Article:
Eating for Autumn

As the days grow shorter and nights linger longer, those of us in the Northern hemisphere are entering Autumn. This is the time of year when trees shed their leaves and produce aisles fill up with colorful squashes. Preparations for the holidays begin popping up everywhere you look.

This time of year has its health challenges as temperatures fluctuate dramatically. We leave the house wearing a thick sweater or jacket, and end the day shedding these in favor of something lighter. When the weather varies we have more difficulty regulating temperature and fending off colds.

During Autumn, we want to bolster our immunity and eat nourishing foods. In traditional Chinese medicine, this season is connected to our Lungs and to the element of Metal. Our lungs need special attention and we want to invite more Yin energy to our physical bodies.

Some helpful foods:

Fruits & Vegetables: Apples, Fig, Ginkgo Nuts, Guava, Kiwis, Pears, Peaches, Pomelo, Tangerines, Brussel Sprouts, Cauliflower, Chinese yams, Chestnut, Fennel, Leek, Lotus Root, Shiitake Mushroom, Spinach, Sweet Potato, Parsnip, Pumpkin, Onion, Watercress, Water chestnut

Carbohydrates & Seasonings: Oats, Red Rice, Honey and Spices.
Protein & Fats: Black Bean, Crab, Duck, Sesame, Silken Tofu, River Fish, Extra Virgin Olive Oil.

About four weeks ago my son came home with a preschool cough and a nonstop runny nose. The first rule we have at home is to avoid all dairy and sugar. We also pay attention to gluten or anything ‘sticky’ that might create more mucus or phlegm. Instead we offered organic udon noodles cooked in homemade bone broth. We added  soft tofu and spinach to give it color and texture. For breakfast, he asked for oatmeal and we cooked this on the stovetop with macadamia nut milk, honey, apples and cinnamon. For a snack, he ate  small tangerine oranges or a bowl of warm applesauce.  With a humidifier and cough syrup for extra support, it seemed that incorporating these foods into his diet helped his body to increase its own defenses. As a result, his cough began to clear up.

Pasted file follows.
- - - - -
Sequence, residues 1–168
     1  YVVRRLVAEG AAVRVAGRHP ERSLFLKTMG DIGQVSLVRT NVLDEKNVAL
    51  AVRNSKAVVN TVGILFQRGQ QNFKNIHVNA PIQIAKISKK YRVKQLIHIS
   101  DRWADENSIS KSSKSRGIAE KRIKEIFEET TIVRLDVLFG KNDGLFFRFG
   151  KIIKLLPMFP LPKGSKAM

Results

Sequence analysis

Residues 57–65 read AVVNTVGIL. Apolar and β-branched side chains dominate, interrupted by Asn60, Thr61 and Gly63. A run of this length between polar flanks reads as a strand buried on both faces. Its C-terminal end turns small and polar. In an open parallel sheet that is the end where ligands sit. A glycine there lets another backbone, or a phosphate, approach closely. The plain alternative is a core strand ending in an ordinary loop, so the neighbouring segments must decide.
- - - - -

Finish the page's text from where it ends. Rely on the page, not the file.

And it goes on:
If you are susceptible to Autumn’s transitory climate, bringing some of these foods into your diet will be beneficial, and eliminating or reducing dry or baked goods, along with alcohol and excess sugar will prepare your body for the easing into Winter.

What foods would you like to try? What are some ways you can add some spices and warming foods to your meals? If you are interested in exploring how to achieve some of your nutrition and wellness goals, contact me for a discovery session.

Image by M.Langevin via Unsplash